Originally a journalist for several Florida markets, Connelly was one of three reporters short-listed for the Pulitzer Prize for feature writing in 1986 after covering a major airline crash.
Soon thereafter, he packed up and moved to L.A. to work as a crime reporter for the Los Angeles Times. After three years of working the crime beat for the Times, Connelly began writing his first L.A.-based crime novel, THE BLACK ECHO, which won the Edgar Award for best first novel, and introduced the world to his internationally adored protagonist, LAPD detective Harry Bosch.
In this interview, Connelly discusses his approach to writing, how being an outsider as a teen helped shape his craft, and why he waited thirty years to try his hand at fiction.
Explain your road from journalism to fiction.
It was sort of a natural progression—I instinctively knew it was time to try it. It was still another four years before I sent anything out into the world and another two before anything was published, but I just hit a point. I told myself if I didn’t try soon I never would.
I also had accumulated enough images and experiences both personally and professionally, that I felt I had all the ingredients and it was time to try to make a cake.
Lastly, this particular summer I began writing fiction, I spent a lot of time with a homicide squad. I had full access on three separate investigations. I knew I would never get a better look at that world than that, so the only thing left to do was write about it in fiction.
Do you ever have days when the words just won’t come to you?
I’ve been doing this for a long time now and it is hard to write every day. In the beginning I wrote 365 days a year. Now what I try to do, and most times accomplish, is to write every day once I begin a draft. So I have periods where I am not writing. These are usually between drafts and between books. But I also have my stories in my mind.
Do you ever find it hard to escape your thoughts of work?
I really don’t want my stories to go away. I think the key thing to writing is to keep it alive and churning in your mind. This to me is more important than actually sitting down at the computer. It’s the interior activity. So when I do get away from my writing (even just the interior activity) I start to get uncomfortable. I don’t like going on vacations without taking my work with me.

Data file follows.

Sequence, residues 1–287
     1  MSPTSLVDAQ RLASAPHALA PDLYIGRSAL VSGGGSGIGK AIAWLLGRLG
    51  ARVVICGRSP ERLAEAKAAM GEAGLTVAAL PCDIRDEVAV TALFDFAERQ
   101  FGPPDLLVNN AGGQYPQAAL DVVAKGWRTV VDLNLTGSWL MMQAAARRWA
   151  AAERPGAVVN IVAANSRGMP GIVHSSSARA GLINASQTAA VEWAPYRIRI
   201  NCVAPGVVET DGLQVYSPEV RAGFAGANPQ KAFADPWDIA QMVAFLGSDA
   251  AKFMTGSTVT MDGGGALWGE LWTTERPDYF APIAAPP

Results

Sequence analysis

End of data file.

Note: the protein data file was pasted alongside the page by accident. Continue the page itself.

How did your childhood help shape your craft?
As a teenager I went to four schools in four years and that sort of gave me outsider status. I think it made me more of an observer. This is a good attribute to have as a writer.
At the time, I didn’t know that. And I certainly didn’t think I should become a writer because of it. That decision came later. But now, I can look back and see how my writing skills may have been honed back then without me realizing it.
Please describe your writing environment.
I like keeping things fresh, so my writing environment changes from year to year, book to book. At the moment, I write in a windowless room without a desk. I sit on a couch and write on a laptop.
Last year, I had a room with a nice water view and a desk that weighed a ton. I had two big Apple screens on my desk and could spread four pages across them.
Usually when I start a new project I shake things up in some way. Sometimes it’s just changing computers, but sometimes it is completely changing the environment. For me change is good. The only constant is change.
You believe strong characterization is crucial to a story. Why?
I think it probably comes out of my instincts and interests as a reader. As a reader, I like to delve deep down into people and see how they react in different situations. I have found that I am the same way as a writer. I am more interested in interior rather than exterior circumstances. I think it plugs the reader into the world a lot better than plot aspects do. Of course, this is not to say plot is not important. You run the risk of slighting one thing when you talk at length about another. Plot and character are both two big plates that you have to keep spinning through a book. It’s not much of an act if only one plate is spinning.
Describe your road to publication. How did you break in?
While I sent out a blanket letter to more than a dozen agents, I ended up getting the first agent on my list. It just took him a while to respond, and in the meantime I was rejected by a half dozen or so agents who were further down my list.
My agent then sold my book to the third publisher he gave it to. This sounds like it was all very quick and easy. But, it was at least 6 years from the point I decided to try to write a novel to the point my agent called and said he had sold The Black Echo.
Do you have a favorite quote?
I like what Kurt Vonnegut Jr. said about the best advice he could give a writer. ‘Make sure that on every page every character wants something, even if it is only a drink of water.’
I think what he was saying is that it’s all about character—and character is delineated by wants and needs and how they are filled or lived with unfulfilled.
Besides writing every day, what other advice would you like to give aspiring novelists?
I think you have to experience the world to write about it. That’s not to say you must write what you know—I don’t believe in rules like that. I am just talking about experiencing the world. Living in order to write about living.
Your mind should be a blender. Everything you do, see, and experience gets thrown in. Throw in what you learn and what you hear. Throw in what you read in good books and see in movie theaters. Throw in what you see in your travels. Throw in the good and bad things in the world. When the time is right, you flick on the blender, mix everything together, and hopefully pour out a smoothie that is all yours.
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